Sometimes it just happens. Organizations that worked well together can no longer do so.
Good partnerships that should work in theory sometimes just simply do not work in practice. Good people and great teams may lack chemistry with their counterparts. Opportunities may not translate into financial, logistical, or operational benefits as promised.
When partnerships, collaborations, cooperation, or coordination fail, the temptation for blame is strong.
Sometimes (sometimes) organizations are truly responsible for everything that goes wrong. More often, the issue is bad timing, unexpected circumstances, or organizational misalignment.
Organizations come to realize they are not ready, willing, or fully able to work together in ways that were expected (or needed).
Every organization feels the burden when working relationships fail. There’s a genuine sense of lost opportunity, wasted resources, and frustration.
Maybe a few parties will even feel relief that they no longer have to work with others. No longer do they have to deal with problematic entities, tough circumstances, or unresonable demands.
Let’s be honest: failure sucks. It really does.
And when working relationships end, organizations must navigate hard choices. Can the effort proceed with one or more organizations missing? Will the project / program function by substituting entities? Should the work continue at all?
Whether your organization must leave a working relationship, or gets left behind in a working relationship, there is an opportunity. But it will not be easy.
- Expect painful conversations to happen. Issues may be resolved quickly, over time, or possibly never.
- Anticipate discomfort, particularly among other organizations that learn about the failure. Word of mouth concerning the failure will likely reach other stakeholders. Depending on what is said about the failure, and who says it, the results could lead to negative perceptions or bad reputations.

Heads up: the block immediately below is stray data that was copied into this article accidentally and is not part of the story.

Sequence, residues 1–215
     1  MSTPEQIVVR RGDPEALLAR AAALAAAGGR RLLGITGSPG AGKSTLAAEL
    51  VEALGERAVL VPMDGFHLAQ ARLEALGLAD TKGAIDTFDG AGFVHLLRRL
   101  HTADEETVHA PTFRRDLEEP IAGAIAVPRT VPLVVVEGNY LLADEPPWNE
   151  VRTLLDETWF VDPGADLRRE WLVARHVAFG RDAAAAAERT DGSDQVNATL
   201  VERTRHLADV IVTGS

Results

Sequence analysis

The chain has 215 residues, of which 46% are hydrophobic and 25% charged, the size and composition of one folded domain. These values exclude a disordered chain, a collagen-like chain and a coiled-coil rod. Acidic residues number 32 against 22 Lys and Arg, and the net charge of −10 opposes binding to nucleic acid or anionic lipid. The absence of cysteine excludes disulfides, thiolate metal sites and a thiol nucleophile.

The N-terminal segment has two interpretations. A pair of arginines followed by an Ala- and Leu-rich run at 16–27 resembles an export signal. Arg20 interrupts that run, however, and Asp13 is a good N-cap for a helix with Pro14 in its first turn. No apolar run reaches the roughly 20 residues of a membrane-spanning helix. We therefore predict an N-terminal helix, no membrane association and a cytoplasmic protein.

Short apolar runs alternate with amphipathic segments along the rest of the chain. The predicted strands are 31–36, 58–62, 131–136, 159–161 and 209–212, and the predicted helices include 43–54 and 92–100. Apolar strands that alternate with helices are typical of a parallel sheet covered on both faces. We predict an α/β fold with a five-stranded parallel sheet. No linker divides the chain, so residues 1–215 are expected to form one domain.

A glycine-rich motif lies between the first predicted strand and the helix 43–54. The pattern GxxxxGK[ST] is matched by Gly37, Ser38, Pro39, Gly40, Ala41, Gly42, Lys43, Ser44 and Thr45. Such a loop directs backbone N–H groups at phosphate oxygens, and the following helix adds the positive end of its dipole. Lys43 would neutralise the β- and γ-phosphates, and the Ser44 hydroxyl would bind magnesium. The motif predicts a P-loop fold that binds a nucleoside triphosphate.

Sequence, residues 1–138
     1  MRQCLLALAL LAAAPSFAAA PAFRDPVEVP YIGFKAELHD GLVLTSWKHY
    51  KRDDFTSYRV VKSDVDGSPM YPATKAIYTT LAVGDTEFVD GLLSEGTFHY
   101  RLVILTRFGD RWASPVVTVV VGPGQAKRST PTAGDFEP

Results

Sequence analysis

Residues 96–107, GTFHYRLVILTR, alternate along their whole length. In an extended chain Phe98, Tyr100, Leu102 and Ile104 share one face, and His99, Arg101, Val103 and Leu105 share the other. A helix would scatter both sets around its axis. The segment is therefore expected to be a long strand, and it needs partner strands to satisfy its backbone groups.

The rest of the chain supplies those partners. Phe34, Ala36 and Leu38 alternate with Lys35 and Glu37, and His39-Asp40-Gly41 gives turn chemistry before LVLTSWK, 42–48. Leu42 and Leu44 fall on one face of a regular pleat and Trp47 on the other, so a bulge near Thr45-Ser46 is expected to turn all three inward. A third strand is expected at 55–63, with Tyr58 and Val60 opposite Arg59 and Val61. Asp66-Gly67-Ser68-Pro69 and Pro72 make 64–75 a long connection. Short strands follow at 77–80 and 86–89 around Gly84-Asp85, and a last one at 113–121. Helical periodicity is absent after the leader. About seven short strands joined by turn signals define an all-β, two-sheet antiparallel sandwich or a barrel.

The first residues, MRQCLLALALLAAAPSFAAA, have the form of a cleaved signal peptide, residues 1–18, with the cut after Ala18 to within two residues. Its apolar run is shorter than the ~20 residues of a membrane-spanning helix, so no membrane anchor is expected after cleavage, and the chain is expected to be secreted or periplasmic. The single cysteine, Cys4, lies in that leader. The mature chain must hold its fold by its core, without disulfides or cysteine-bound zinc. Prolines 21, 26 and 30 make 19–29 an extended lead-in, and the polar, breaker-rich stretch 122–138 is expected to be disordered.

- Prepare for uncertainty. As your team and supporters decide on next steps, an overabundance of caution form in future decisionmaking.
Failure offers a chance for your organization to gain confidence, to reposition itself and its work, and to adjust expectations.
- Commit to honesty, resilience, and support — both for your organization and towards others.
- Make time to examine what went wrong, without absorbing guilt or sinking into doubt.
- Do not seek to blame, but work to identify what happened and why.
- Make an attempt to prevent the same circumstances from happening again.
Organizations that allow time and space to examine — and reflect upon— what went wrong are organizations poised for strength.
They become stronger organizations with hard-earned experience, and common-sense readiness towards challenges. They also become supportive organizations, that possess awareness of their own worth and limitations; and respect towards the value of other organizations.
These organizations make great partners for future success.